ARJUMAND re-editing Miao People designs on fabrics and wallpapers
11 giugno 2012
THE CHINA COLLECTION
Arjumand’s designs printed on TUSSAH SILK
Tussah, or wild, silk worms live naturally in tropical or semi-tropical forests. Their silk is gathered after the moth emerges. The caterpillars eat all kinds of different trees, all rich in tannin, so the silk is beige to brownish toned.
This fibre is naturally A SOFT BEIGE, very long staple (5″+), strong, lustrous, and more resilient than cultivated “white” silks. It dyes beautifully, with colours slightly muted by the soft undertone of beige.
The Arjumand designs are inspired from original ones in shapes and colour , this is reason why we do not offer many colour variations .
The Arjumand designs are made for those people that see a beautiful antique piece of fabric and think ‘ i wish i had more ‘ !
for more info about the CHINA COLLECTION please go on web site WWW.ARJUMANDSWORLD.COM
the Small Arjumand team
our MIAO DRESS
MIAO PEOPLE & ARJUMAND
11 giugno 2012
The term “Miao” gained official status in 1949 as a minzu (nationality) encompassing a group of linguistically related ethnic minorities in southwest China. This was part of a larger effort by the Peoples’ Republic of China to identify and classify minority groups in order to clarify their role in national government, including the establishment of areas of autonomous government and the allocation of seats for representatives in provincial and national government.
Historically, the term “Miao” had been applied inconsistently to a variety of non-Han peoples, often with the connotation of “barbarian.” This former meaning has not kept members of the modern nationality from self-identifying as Miao. Outside of China, the designation “Meo,” a variation of “Miao” still exists in Southeast Asia where it is often used in a highly derogatory way. Western researchers have treated the terminological problems in a non-uniform way. Early writers used Chinese-based names in various transcriptions: Miao, Miao-tse, Miao-tsze, Meau, Meo, mo, miao-tseu. When referring to specific sub-groups of the Miao nationality or to ethnic groups outside of China, it is preferable to use the ethnonym of the specific group, such as Hmong/Mong, Hmu, A Hmao or Kho (Qho) Xiong. The prominence of Hmong/Mong people in the West has led to a situation where the Miao nationality is sometimes referred to as Hmong or Mong, despite the fact that they are only one of the sub-groups contained in the classification. Following the recent increased interaction of Hmong in the West with Miao in China, it is reported that some non-Hmong Miao have even begun to identify themselves as Hmong.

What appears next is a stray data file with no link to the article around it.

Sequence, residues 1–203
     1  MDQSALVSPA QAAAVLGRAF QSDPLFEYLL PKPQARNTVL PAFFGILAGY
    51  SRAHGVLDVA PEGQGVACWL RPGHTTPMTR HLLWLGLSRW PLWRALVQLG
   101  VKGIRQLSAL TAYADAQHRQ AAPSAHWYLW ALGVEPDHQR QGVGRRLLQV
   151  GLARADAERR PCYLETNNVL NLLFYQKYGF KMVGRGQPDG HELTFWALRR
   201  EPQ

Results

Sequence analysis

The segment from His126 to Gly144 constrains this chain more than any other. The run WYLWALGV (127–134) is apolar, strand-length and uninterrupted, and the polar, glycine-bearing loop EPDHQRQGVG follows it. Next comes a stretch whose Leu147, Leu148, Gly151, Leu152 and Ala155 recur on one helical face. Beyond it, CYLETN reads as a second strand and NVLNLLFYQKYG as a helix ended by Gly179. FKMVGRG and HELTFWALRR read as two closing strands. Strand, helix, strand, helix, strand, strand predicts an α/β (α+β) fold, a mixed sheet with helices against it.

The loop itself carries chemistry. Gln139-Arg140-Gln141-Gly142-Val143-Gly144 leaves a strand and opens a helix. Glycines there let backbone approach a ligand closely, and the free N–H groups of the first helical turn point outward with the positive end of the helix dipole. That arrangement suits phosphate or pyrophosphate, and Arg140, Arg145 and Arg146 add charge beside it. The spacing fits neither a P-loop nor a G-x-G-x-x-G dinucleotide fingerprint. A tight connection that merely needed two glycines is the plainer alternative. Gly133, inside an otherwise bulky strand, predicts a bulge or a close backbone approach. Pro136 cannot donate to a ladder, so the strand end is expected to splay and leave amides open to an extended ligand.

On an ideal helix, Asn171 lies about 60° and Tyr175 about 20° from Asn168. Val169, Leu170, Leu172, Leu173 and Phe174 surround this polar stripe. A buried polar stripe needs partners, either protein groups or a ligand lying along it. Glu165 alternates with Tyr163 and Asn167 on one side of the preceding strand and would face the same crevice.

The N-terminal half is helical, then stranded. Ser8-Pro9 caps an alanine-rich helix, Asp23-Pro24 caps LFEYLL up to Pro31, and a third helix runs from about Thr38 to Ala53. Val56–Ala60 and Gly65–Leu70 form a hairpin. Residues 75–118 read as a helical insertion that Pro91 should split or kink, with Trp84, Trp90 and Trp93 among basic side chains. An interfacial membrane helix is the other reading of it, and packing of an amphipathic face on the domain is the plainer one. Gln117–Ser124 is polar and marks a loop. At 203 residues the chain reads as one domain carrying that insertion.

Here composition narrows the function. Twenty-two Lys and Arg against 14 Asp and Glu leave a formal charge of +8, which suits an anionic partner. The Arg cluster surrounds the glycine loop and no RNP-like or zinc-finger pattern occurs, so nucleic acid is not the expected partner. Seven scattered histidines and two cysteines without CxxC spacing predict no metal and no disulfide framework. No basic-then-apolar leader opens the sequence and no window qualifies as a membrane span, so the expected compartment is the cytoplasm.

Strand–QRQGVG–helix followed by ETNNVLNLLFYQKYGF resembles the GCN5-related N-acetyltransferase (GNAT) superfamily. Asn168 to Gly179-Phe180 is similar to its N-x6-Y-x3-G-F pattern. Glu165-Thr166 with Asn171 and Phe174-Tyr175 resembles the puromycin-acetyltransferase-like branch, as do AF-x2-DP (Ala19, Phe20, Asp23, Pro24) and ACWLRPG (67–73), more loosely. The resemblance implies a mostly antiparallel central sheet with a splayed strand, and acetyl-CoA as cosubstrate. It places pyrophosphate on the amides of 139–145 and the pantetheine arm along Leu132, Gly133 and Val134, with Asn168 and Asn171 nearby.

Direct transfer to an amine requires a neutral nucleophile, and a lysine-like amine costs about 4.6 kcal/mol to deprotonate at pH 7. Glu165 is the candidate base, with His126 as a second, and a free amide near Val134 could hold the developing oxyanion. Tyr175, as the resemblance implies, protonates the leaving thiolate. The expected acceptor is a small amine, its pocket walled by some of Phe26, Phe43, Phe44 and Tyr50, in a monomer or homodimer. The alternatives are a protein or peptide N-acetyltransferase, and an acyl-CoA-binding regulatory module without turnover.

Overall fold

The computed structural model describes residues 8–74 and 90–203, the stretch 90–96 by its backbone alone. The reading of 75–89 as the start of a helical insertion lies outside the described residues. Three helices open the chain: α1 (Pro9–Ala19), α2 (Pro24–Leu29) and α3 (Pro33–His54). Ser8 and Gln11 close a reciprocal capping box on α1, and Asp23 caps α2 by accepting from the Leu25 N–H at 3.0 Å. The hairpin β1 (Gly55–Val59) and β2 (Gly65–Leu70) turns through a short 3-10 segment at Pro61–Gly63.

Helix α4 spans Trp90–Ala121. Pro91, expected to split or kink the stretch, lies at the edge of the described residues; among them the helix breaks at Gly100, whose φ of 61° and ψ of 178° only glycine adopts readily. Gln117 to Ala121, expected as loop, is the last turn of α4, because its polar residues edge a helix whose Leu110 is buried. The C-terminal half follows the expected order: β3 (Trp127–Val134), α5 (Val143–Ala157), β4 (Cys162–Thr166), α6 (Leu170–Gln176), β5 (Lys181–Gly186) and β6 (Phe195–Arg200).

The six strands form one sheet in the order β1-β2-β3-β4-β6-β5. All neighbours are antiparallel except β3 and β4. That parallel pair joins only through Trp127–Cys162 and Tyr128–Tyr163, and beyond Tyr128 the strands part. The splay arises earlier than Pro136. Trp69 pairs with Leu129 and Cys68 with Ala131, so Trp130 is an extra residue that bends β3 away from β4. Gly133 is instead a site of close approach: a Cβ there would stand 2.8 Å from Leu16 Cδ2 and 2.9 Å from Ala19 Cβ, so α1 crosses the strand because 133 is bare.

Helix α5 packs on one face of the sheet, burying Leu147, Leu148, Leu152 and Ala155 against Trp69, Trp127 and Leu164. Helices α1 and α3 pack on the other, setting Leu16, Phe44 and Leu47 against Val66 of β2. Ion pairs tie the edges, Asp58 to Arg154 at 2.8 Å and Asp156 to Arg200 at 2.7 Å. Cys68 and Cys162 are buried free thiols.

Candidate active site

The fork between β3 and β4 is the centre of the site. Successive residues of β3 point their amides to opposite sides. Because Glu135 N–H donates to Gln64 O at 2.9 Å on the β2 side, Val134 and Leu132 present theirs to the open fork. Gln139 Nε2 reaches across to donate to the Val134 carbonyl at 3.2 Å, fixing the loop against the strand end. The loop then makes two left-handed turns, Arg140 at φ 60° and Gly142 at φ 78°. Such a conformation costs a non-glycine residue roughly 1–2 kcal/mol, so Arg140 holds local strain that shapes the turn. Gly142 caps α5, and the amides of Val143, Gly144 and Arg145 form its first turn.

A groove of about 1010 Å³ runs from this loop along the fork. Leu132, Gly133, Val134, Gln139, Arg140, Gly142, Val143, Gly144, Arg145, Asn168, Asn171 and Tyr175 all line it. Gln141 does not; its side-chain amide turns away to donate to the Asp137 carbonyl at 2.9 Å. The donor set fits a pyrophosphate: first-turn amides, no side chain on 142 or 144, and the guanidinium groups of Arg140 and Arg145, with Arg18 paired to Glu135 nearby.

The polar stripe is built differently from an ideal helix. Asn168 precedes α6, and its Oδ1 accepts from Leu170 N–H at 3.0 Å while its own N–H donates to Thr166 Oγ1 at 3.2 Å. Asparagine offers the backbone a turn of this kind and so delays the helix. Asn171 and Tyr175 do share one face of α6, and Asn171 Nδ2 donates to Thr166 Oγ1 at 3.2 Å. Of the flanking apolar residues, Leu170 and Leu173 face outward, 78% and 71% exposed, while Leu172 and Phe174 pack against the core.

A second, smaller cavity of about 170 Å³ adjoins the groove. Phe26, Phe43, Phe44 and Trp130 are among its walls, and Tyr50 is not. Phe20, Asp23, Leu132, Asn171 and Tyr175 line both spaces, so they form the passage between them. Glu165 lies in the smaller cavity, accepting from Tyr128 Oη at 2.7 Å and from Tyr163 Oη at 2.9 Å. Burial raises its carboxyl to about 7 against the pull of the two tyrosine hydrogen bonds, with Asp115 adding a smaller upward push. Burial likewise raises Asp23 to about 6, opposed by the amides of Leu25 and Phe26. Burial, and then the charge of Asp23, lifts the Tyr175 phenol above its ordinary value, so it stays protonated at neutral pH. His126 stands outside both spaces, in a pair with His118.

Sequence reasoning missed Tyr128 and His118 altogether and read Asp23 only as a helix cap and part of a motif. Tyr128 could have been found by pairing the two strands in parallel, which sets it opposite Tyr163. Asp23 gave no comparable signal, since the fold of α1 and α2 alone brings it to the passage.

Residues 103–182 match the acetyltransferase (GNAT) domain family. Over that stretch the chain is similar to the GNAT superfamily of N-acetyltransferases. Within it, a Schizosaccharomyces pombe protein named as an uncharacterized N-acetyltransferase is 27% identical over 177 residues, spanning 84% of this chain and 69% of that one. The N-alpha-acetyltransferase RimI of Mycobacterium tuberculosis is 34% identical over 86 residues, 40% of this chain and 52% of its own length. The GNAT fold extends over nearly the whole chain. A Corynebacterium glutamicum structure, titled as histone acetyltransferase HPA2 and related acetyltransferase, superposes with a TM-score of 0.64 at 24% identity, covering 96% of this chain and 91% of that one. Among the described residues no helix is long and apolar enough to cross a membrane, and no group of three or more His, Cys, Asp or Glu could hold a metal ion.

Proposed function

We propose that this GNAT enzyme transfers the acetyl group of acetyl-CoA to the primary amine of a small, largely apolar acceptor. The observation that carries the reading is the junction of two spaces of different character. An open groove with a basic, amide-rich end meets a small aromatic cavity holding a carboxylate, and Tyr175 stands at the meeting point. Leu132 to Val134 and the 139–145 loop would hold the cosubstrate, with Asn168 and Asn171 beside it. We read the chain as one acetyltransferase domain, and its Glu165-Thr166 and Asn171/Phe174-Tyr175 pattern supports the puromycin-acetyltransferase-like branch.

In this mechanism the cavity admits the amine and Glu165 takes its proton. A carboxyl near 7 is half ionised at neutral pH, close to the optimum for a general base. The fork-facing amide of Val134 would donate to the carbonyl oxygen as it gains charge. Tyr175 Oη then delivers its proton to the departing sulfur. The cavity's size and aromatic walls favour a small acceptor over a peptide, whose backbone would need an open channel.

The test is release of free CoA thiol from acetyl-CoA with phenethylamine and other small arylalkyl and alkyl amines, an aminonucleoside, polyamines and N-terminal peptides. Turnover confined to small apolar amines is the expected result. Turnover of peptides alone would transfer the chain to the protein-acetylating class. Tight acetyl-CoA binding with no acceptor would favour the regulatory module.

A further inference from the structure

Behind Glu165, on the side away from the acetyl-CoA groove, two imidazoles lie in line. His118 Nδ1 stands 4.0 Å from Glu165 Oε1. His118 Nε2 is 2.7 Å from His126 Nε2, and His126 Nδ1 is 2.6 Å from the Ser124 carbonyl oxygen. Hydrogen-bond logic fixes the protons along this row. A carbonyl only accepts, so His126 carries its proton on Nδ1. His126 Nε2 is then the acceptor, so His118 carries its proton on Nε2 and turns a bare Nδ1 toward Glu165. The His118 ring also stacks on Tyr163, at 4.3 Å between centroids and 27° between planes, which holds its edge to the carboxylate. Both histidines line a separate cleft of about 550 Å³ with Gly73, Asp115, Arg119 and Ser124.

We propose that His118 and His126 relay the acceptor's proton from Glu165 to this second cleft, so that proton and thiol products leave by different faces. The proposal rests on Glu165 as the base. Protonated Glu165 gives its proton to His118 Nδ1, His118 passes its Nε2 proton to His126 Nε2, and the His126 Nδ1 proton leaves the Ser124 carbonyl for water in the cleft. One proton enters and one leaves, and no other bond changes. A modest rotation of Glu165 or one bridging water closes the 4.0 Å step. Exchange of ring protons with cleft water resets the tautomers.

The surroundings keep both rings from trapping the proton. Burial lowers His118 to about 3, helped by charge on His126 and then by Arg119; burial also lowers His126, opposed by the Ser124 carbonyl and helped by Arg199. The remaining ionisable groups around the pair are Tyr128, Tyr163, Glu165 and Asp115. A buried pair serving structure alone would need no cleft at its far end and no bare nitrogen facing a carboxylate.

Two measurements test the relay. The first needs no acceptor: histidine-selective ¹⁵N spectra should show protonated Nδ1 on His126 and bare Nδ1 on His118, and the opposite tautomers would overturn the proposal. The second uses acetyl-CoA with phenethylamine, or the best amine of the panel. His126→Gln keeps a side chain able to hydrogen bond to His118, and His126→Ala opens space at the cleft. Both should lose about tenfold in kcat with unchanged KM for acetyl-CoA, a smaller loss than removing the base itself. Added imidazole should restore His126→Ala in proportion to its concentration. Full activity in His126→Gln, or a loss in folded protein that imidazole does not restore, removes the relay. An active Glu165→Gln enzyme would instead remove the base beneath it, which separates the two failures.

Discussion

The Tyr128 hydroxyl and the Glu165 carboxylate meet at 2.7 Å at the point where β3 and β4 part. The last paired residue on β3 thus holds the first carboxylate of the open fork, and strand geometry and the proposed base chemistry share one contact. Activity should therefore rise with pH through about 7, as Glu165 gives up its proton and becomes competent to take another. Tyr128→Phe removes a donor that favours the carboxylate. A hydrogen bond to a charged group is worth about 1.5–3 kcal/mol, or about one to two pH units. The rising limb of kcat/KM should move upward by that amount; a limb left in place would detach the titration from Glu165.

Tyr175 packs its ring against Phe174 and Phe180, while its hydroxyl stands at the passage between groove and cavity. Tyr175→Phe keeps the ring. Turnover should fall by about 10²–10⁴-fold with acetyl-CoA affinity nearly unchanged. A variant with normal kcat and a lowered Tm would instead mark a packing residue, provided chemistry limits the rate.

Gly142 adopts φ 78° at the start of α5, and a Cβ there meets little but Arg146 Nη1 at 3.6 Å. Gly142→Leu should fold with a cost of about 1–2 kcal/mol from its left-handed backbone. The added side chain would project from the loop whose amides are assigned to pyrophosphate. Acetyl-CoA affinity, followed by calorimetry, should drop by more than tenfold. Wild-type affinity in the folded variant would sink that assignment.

Though the Miao themselves use various self-designations, the Chinese traditionally classified them according to the most characteristic color of the women’s clothes. The list below contains the self-designations, the color designations and the main regions inhabited by the four major groups of Miao in China:
Ghao Xong; Red Miao; west Hunan.
Hmu, Gha Ne (Ka Nao); Black Miao; southeast Guizhou.
A Hmao; Big Flowery Miao; northwest Guizhou and northeast Yunnan.
Hmong, White Miao, Mong, Green (Blue) Miao, Small Flowery Miao; south Sichuan, west Guizhou and south Yunnan.
The Miao practice slash-and-burn agriculture in remote, mountainous areas, relocating their villages when the soil becomes depleted. The main crops are maize, rice, and opium poppies. The Miao practice a traditional form of spirit worship through which they believe they sustain contact with their ancestors.
On the eighth day of their fourth lunar month (around mid-May), the Miao celebrate a festival during which they offer sacrifices to their ancestors and cultural heroes. This festival commemorates the day in which the heroes Ya Yi and Ya Nu died in battle while preventing a cruel ruler from his cruel custom of annually forcing the Miao to choose one of their beautiful young women to be his concubine. At the festival, they sing, play reed pipes (lusheng in Chinese) and bonze drums, and dance to honor their ancestors, ensure a good harvest and drive away evil spirits. On special occasions such as this, the Miao women wear large quantities of silver necklaces, bracelets and headdresses which jingle when they dance. This silver jewelry is handed down as a family heirloom. The women are also known for their beautiful embroidered clothes.